Prerequisite: BIOL 246
Introduction to concepts and principles for conducting research and for evaluating the research literature in Exercise Science. Topics include the nature and purpose of research, the research process and the types of research used in Exercise Science. The relationship between design and statistical analyses will also be discussed.
General Education Requirement Fulfillment: Writing centered
Prerequisite: EXSCI 135
Study of the neural, physical and behavioral aspects of human movement, and the processes involved in acquiring and refining motor skills. The class will examine research that explains why certain behaviors manifest themselves, and provides the basis for assessing performance and designing optimal practice, rehabilitation and training experiences. Not open to freshmen.
An opportunity for semester-long study of specific advanced topics within the field of Exercise Science. Topics and themes will vary by instructor. This class may be repeated for credit with different topics.
Prerequisite: Depending on topics offered or consent of instructor.
This class examines the physiological systems of the human body as they are affected by different mode, intensity, and duration of exercise. Emphasis is placed on the interrelationship between the skeletal, muscular, nervous, respiratory, circulatory, endocrine, and digestive systems. The required laboratory will focus on measuring and analyzing various anthropometric, physiological and metabolic functions and performance parameters, using the data to predict and describe work capacity and training protocols.
Prerequisite: BIOL 260
Refer to the internships section for an explanation of internship requirements.
Prerequisite: Closed to seniors
Advanced topics in injury recognition and management based upon stress-strain of tissue, structural-functional aspects, and pathomechanics. The phases of healing and rehabilitation are investigated and appropriate protocols of management and reconditioning are integrated during each phase. Includes concepts of pain, pharmacology, therapeutic principles, physical modalities, advanced skill acquisition in evaluation and reconditioning, and anatomical dissection.
Prerequisite: EXSCI 340
A seminar course and capstone experience required of all Exercise Science majors. Students may meet this requirement by completing one of the following three options: a) an original research study, b) a literature review, or c) an internship with an associated service project. Topics are selected in consultation with Exercise Science faculty. Regardless of the option chosen, students must present their work orally in an open meeting format and provide a final paper detailing the work to the department.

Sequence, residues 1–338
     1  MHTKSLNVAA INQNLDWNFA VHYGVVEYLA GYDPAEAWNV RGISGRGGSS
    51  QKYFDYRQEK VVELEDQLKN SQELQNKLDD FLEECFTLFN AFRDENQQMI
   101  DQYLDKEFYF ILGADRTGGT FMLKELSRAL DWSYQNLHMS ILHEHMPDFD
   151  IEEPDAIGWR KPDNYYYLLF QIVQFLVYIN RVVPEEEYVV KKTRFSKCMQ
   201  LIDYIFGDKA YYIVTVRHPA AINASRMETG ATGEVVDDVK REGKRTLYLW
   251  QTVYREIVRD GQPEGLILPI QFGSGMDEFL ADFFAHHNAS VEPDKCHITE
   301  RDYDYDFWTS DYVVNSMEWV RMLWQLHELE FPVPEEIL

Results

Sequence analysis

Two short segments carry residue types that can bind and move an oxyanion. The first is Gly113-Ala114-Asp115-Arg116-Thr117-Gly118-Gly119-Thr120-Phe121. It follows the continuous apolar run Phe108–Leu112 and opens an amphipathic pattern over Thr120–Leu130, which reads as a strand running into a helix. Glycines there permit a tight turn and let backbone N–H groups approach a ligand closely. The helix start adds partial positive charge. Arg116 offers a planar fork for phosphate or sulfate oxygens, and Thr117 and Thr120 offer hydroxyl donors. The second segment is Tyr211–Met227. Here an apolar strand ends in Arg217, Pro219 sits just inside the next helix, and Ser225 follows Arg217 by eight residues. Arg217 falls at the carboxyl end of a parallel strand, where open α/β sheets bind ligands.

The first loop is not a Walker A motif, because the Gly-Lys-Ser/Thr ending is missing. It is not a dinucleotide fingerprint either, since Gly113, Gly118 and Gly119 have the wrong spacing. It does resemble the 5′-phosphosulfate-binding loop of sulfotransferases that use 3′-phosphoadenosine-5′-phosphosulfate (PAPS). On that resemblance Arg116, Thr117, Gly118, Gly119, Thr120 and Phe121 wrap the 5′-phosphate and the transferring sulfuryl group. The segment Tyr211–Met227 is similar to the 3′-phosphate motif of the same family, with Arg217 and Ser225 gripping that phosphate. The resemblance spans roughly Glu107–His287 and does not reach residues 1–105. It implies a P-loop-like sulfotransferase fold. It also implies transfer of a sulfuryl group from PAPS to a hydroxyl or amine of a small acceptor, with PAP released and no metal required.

Prerequisite: EXSCI 356
These classes are listed by title in the class schedule. Many are offered each semester and will on occasion have multiple sections or a suffix of I or II (novice or a more advanced level -- respectively). Activity classes are coed unless otherwise specified. Course offerings include: step aerobics, basketball, crew, fencing, golf, karate/self-defense, Tai Chi, tennis, scuba, skiing, swim fitness, swimming, volleyball, weight training, conditioning, and yoga. No more than 2 credits (8 courses) from a combination of activity (EXSA) or Varsity Sports (EXSV) courses can count toward graduation. A student may pre-register for a maximum of one EXSA course per semester. If the student has taken less than an average of one EXSA/EXSV course for their previous Willamette semesters, a maximum of one additional EXSA course may be added on the first day of classes on a space available basis.
A course designed to teach the role personal fitness plays in a productive lifestyle. Includes lectures (one per week) on the values and components of fitness, human physiology as it relates to exercise, fitness programs, weight control, nutrition, coronary risk awareness and other topics associated with exercise and health. This course does not count toward the Exercise Science major.
Credit can be earned by students participating in the following varsity sports: baseball (m), basketball (m/w), crew (m/w), cross country (m/w), football (m), golf (m/w), soccer (m/w), softball (w), swimming (m/w), tennis (m/w), track and field (m/w), and volleyball (w). No more than 2 credits (8 courses) from a combination of activity (EXSA) or Varsity Sports (EXSV) courses can count toward graduation. Credit will be awarded for varsity sports participation at the end of the season, if the student has not exceeded an average of one EXSA/EXSV course per semester at Willamette.